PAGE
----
In 2017, craft beer is a large part of the American lifestyle. American palates have changed drastically over the past few decades, and with them the market for beer. Demand for newer, limit-pushing beers have dramatically altered the beer drinking experience in the United States, and if the noticeable proliferation of craft breweries in communities across the country wasn’t enough to prove it, the numbers speak for themselves. According to the Brewer’s Association, craft brewers – described as small, independent, and traditional – occupied a $23.5 billion segment of the overall American beer market.
This impressive sales volume comes with jobs, too. Craft brewing accounted for more than 424,000 jobs in 2014, a figure derived from the “total impact of beer brewed by craft brewers as it moves through the three-tier system (breweries, wholesalers, and retailers)” along with “non-beer products like food and merchandise.” That’s an impressive market for an industry comprised mostly of brewpubs and microbreweries.
A variety of supply challenges await any business operating in an industry the size of craft beer. Many consumers are familiar with a great deal of these challenges, but similar to how only a small percentage of drivers understand all that goes into getting a vehicle into a showroom, craft beer drinkers may be surprised by the hurdles that must be cleared to get a new beer on a beverage menu.
Supply Chain Challenges
The craft beer business is big, but it’s not “big business.” Many breweries have hyper local supply chains for ingredients beyond hops, and each brewery has its own unique set of flavors it prefers to experiment with. Take Braindead Brewing in Dallas, Texas for example. Ingredients for just three beverages include malted barley, wheat, pine, citrus, licorice root, coffee beans, chocolate, caramel, banana, cherry, grapefruit, and at least two different types of hops. Short’s Brewing Company in Bellaire, MI, uses honey, sunflower seeds, brown sugar, raisins, figs, vanilla bean, chocolate, mint, and strawberries. When it comes to the bill of materials for a craft brew, anything is on the table, like a constant state of R&D.
Direct Material Purchasing – Hops
The biggest challenge lies in the most important of raw materials to the craft beer industry: hops. There are over 50 different varieties all used to produce different style brews, and purchasing them is not unlike purchasing many other commodities, which means it’s not exempt from pain points, especially when at low volumes. Consider this noted by Craft Beer & Brewing Magazine:
Homebrewers and small startup breweries often purchase hops on what’s known as the spot market. This market is really just whatever remains after the contracted hops have been set aside from that year’s harvest.
The article goes on to add that in the event of a shortage, the demand on spot markets can “boost prices to many times those of a normal year, forcing some craft brewers to reformulate recipes to get by with what’s available.” This is common for any food commodity that responds to changes in climate or severe weather, and makes availability extremely difficult to plan for.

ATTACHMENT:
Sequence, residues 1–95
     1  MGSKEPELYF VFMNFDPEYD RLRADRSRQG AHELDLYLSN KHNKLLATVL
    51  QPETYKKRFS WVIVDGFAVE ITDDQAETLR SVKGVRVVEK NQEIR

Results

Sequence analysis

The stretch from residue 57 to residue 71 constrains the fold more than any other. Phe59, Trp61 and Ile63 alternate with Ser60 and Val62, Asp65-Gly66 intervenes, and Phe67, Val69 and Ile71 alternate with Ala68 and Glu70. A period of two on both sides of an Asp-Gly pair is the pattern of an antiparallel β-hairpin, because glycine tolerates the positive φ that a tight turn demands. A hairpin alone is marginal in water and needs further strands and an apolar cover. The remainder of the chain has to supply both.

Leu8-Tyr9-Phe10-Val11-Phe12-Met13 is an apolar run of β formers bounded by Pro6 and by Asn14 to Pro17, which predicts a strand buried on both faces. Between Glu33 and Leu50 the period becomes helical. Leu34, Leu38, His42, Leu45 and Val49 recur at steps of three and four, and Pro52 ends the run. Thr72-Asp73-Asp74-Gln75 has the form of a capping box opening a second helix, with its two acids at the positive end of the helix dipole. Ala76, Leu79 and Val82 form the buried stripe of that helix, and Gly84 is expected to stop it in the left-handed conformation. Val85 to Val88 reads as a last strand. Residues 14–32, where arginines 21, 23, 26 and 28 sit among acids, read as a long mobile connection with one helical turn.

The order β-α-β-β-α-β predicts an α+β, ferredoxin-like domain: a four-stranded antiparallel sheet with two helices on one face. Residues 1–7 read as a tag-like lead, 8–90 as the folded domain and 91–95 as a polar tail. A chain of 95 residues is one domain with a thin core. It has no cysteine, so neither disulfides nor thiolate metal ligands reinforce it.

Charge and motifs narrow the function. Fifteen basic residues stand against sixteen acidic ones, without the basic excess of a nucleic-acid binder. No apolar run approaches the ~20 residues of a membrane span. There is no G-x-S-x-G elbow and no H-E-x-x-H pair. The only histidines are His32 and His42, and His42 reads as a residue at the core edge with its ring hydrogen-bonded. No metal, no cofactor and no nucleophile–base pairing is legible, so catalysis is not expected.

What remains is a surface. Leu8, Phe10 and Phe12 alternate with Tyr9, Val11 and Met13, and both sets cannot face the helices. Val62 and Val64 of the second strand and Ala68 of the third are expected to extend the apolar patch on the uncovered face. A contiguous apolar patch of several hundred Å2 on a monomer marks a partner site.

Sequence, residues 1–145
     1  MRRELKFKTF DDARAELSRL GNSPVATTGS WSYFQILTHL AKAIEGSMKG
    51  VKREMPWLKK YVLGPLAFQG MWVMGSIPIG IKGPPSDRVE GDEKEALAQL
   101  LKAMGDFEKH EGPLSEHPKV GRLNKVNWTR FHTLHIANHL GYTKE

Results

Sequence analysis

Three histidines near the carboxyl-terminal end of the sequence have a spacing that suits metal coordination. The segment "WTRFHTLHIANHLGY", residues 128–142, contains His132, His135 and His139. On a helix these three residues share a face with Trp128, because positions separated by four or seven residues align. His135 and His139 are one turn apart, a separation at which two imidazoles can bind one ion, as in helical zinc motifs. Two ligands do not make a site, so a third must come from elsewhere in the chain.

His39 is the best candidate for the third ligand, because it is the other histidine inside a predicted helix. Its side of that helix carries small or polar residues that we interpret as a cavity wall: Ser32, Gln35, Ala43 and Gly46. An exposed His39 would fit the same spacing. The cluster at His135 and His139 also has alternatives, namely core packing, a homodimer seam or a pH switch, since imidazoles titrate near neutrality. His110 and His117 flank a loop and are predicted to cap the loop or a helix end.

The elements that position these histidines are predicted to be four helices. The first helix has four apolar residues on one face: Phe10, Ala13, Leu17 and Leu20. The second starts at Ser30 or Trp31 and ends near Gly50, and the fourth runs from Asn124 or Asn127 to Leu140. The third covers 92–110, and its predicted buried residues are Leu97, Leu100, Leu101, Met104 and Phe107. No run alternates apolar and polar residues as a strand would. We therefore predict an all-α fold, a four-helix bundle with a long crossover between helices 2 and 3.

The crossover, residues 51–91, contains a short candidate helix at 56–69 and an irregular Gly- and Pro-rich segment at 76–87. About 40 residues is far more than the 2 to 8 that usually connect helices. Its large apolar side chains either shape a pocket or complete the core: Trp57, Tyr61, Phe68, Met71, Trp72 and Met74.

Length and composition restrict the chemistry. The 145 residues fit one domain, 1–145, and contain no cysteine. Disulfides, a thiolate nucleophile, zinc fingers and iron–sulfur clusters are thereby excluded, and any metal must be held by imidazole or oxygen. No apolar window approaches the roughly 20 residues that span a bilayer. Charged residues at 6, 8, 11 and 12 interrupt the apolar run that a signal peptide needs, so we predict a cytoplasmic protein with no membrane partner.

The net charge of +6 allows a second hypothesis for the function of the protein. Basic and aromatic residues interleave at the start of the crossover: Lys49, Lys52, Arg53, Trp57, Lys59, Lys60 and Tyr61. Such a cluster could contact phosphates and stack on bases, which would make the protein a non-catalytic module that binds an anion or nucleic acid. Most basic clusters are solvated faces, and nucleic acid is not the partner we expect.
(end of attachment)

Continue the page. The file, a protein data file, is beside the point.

This supply uncertainty combined with the lack of purchasing power of a traditional beer giant like AB Inbev, makes repeating recipes a primary challenge. The unpredictability of the spot buy market is not a new problem for small or midsized businesses in the United States, but how is craft beer able to sustain such rapid growth without substantial buying power for its most critical ingredients?
Unique Industry, Unique Solutions
One answer can be found at Boston Beer Company, a big business that does have the buying power to purchase on contract, even the most coveted of hops varieties. Jim Koch, an entrepreneur much like the aspiring craft brewers in 2017, founded the company in 1984. Today, his company reports revenues of over $968 million. It also engages in micro-loan programs for small breweries, helping keep the industry healthy, and in 2008 launched a hops sharing program to alleviate the spot buy market pressures facing new craft brewers.
Raw material prices and their availability are two of the biggest problems facing the craft beer industry today, something brewers of all sizes understand. With demand for craft beer showing no signs of slowing down, outpacing the rate of hops production, these supply challenges will persist into the future.
Industry methods used to tackle these challenges are as unique as the craft breweries themselves, ranging from the unheard of – a raw material sharing program born from a brewery CEO’s passion for the industry – to the simple – hops farms locating closer to the brewers (75% of U.S. hops come from Washington State). At either extreme and in between, like any small or midsized business, the same is true of craft breweries: success often hinges on access to the right materials at the right price.
We hope this blog post provides you with fresh insight for analyzing purchasing challenges in a unique industry and sparks creativity for effective solutions that drive purchasing performance.